#SteampunkHands Around the World: Making Life Better – Maker Culture

*artwork by MrXpk*

Steampunk Hands Around the World 2017- Making Life Better is a month long event in February 2017 showing and sharing the great steampunk people, events, and things around the world that other people should know about. Through these means, we come together as a community to forge new connections and friendships, inspire and be inspired by each other, and create realities from the stuff of dreams.

This year, we will share and explore the ways in which steampunk can and has made life better, for ourselves and for others. How does steampunk make life more fun and enjoyable, how does it expand our horizons and help us define who we are, or who we want to be? How does steampunk inform us about ourselves, others, and the world around us? How does it help us find solutions for real life problems, and find ways to make changes for the better?

Airship Ambassador

Today’s contribution to Steampunk Hands Around the World focuses on the “maker culture” of steampunk. One of the primary draws of steampunk is the tangible nature of anachronistic technologies. You can see how the gears move, how pulling this lever activates motion here or there. It’s so entirely different from modern, “black box” technology.

Image from Airship Ambassador

“Maker culture” calls back to these tangible technologies. Makers create their inventions from scratch, with wood and brass and copper, or by re-purposing existing items. Makers work with their hands, get their hands dirty.

A lot of this is considered a “lost art” these days. Most people don’t build or fix things themselves anymore. You bring your car to the shop, you hire a plumber or an electrician. You bring your broken gizmo or gadget to a store where it’s simply replaced with a shiny new one. Maker culture is fighting this trend.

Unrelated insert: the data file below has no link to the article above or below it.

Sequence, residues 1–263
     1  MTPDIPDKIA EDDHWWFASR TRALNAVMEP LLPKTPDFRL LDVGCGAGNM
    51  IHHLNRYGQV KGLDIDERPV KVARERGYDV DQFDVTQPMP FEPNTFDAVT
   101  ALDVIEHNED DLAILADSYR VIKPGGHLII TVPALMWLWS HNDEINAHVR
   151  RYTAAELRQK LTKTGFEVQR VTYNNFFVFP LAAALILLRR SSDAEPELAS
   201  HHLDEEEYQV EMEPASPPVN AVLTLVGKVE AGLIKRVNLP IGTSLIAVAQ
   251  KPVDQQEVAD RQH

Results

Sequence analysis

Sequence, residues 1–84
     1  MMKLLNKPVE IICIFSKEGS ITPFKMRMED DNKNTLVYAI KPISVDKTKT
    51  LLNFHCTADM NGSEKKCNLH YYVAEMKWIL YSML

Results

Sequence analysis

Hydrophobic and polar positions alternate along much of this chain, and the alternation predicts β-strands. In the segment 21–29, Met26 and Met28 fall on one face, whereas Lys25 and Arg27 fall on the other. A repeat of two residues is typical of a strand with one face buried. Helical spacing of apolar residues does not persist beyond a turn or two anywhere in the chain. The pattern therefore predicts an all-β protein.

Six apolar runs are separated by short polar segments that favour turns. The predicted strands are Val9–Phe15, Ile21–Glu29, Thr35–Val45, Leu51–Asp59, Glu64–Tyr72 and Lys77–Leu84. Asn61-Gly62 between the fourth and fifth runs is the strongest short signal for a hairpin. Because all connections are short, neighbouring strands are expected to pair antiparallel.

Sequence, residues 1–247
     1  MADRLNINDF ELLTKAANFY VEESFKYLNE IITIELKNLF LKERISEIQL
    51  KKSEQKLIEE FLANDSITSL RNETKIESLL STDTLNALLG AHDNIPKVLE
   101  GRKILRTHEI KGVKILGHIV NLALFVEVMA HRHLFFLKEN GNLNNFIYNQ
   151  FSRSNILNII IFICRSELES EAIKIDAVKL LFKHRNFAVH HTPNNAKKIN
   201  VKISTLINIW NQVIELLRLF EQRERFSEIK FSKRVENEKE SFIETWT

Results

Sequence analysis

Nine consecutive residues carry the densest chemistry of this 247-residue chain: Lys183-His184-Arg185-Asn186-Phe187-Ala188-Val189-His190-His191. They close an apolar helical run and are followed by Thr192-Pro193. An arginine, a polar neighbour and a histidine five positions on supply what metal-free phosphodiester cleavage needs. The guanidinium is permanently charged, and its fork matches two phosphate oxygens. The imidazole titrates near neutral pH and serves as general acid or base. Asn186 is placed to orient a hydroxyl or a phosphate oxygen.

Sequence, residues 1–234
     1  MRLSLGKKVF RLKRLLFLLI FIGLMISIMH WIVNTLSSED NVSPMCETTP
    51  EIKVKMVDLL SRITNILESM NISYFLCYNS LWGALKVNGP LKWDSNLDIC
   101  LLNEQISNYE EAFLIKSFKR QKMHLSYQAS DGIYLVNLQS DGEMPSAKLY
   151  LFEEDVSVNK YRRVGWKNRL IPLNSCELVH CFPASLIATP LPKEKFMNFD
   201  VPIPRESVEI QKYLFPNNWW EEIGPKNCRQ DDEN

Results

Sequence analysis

Image from The Enchanted City

I attended a steampunk festival in Troy, New York this summer – The Enchanted City III: A Brave New World. This festival included events, such as the Inventor’s Challenge and the Mini Maker Fair, that encouraged participants to don their lab coats and goggles and get to work. The Mini Maker Fair, targeted toward kids, is especially important in my eyes. This is where steampunk goes beyond a whimsical genre of books or movies and becomes a force of real tangible good for young people. It encourages their creativity and challenges their problem solving skills. It builds a familiarity with mechanical and technical objects and ideas that will stay with them for years. Steampunk is helping to encourage the next generation of scientists and engineers.

Image from The Enchanted City

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